“Kosher” is a Hebrew term that means “fit,” or “fit to eat.” While this may sound simple, you might be surprised about the rules when it comes to kosher cooking.
The rules governing kosher eating and cooking are detailed. In order to really keep kosher, rigorous adherence is necessary, and when it comes to commercial kitchens and restaurants, the cautious watch of a religious supervisor ensures that all spiritual laws and rules are strictly followed.
As far as keeping kosher is concerned, there are lots of surprises for the unexperienced, and some of these are the following:
What are Kosher Foods?
Do you know what is considered off-limits if you want to eat kosher? There are several foods that you can and cannot eat if you plan to keep kosher. Just remember that kosher rules can be relatively strict according to different branches of Judaism and Jewish ethnic cultures.
Some of the most popular kosher foods you can enjoy include the following:
- Beef: Be sure to look for cuts such as chuck, brisket, plate, and rib. Other cuts may not or maybe kosher depending on the preparation.
- Fish with scales and fins
The non-kosher foods you should avoid include:
- Birds of prey
- Fish without scales and fins, including shellfish such as lobster and crab
- Foods derived from the animals that aren’t regarded as Kosher such as gelatin
- Dairy and meat served together
Symbols for Kosher Food
If you are in doubt, search for a label on the packaging that is marked “OU” or “K” for kosher. These markings on their own may be an indication that the food is pareve or doesn’t contain dairy or meat. Here are some other additional symbols you should watch out for:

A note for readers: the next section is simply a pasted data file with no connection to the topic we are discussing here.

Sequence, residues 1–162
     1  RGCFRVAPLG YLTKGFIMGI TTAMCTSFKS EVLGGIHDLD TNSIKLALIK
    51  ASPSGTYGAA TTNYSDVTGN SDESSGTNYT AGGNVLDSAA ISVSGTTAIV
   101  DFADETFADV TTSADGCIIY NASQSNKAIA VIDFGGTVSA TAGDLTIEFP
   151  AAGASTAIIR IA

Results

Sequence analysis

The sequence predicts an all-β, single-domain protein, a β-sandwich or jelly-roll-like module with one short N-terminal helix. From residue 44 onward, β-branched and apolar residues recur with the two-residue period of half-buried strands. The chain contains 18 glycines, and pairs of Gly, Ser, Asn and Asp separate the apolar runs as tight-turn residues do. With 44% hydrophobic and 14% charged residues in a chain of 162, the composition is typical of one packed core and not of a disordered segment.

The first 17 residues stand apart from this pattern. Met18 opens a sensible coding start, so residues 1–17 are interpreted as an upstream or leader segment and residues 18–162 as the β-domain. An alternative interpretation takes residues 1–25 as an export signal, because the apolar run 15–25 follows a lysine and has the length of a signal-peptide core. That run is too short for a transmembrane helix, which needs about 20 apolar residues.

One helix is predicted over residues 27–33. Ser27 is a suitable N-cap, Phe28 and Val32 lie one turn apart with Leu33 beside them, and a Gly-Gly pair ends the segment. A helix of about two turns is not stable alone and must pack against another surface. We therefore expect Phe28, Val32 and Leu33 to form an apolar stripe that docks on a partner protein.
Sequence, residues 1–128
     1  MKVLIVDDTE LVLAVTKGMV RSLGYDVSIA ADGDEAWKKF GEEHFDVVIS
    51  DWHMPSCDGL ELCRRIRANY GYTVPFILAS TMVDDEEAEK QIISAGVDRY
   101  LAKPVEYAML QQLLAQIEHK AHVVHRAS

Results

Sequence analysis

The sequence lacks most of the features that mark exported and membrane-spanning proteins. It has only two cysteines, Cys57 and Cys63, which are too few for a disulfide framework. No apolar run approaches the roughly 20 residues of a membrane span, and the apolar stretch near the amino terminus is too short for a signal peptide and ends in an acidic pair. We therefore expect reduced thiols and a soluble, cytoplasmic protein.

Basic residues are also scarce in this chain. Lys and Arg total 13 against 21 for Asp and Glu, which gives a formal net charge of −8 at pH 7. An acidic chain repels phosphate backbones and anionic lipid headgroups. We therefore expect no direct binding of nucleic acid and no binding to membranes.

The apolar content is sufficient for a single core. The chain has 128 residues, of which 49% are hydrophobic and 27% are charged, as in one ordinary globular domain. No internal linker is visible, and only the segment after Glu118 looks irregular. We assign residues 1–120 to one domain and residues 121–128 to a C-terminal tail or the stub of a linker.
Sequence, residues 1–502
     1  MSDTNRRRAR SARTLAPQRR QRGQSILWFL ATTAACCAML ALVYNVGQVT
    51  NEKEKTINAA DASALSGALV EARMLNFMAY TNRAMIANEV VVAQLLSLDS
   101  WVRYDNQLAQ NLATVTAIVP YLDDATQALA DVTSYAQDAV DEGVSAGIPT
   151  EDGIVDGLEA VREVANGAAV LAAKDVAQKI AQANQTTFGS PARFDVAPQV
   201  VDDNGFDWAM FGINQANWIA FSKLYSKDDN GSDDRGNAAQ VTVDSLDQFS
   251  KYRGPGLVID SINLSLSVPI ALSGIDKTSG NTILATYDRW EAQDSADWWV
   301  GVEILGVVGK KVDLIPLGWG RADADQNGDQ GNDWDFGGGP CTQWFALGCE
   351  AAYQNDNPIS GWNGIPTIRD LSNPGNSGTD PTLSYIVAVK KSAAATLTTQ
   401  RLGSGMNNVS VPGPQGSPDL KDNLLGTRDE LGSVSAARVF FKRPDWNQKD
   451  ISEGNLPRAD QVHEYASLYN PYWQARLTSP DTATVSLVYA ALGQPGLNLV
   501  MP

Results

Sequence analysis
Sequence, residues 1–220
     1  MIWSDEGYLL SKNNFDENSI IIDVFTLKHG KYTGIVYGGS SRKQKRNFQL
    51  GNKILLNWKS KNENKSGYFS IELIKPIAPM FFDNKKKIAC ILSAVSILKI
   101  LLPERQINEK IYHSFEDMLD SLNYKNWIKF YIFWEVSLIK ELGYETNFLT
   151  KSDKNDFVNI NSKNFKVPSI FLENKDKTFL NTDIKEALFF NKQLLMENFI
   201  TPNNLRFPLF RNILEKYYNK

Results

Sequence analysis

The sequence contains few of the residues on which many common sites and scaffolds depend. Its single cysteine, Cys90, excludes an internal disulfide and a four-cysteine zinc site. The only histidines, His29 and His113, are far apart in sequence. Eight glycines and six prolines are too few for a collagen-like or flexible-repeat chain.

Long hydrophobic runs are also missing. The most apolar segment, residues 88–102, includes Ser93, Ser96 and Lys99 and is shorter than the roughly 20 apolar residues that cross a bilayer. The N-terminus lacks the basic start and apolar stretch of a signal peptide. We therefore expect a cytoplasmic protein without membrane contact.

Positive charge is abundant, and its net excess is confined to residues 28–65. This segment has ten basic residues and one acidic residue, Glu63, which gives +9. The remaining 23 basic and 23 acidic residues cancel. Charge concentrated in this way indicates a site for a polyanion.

- “DE” or “D” – The product contains dairy or was prepared in an area handling dairy.
- “F” – There is fish content in the product.
- “Glatt” or “M” – The product has meat content.
- “P” – The food can be consumed during Passover.
Rules for Kosher Kitchens
When it comes to kosher, it is not just about what foods are considered kosher but more importantly, how these foods are prepared. Starting from the slaughterhouse up to the kitchen, stringent rules of preparation should be followed to guarantee that the food stays kosher.
Dairy and meat products, for instance, should never be mixed together or even grazed using the same utensil, even when the utensil is already washed. Similar to kosher foods, these tips for kosher kitchens are somewhat used depending on branches of Judaism and personal Jewish ethnic cultures.
How to Maintain a Kosher Kitchen
- Never use the microwave and oven for dairy and meat dishes simultaneously.
- Consult your Rabbi for other kitchen tips as well as some guidelines for keeping your kitchen kosher.
- Avoid washing dairy and meat dishes simultaneously and always use separate utensils for cleaning.
- When using a dishwasher, don’t forget to clean the dishwasher between dairy and meat dish washes.
Always remember these tips when shopping for ingredients and foods at a Kosher market San Francisco.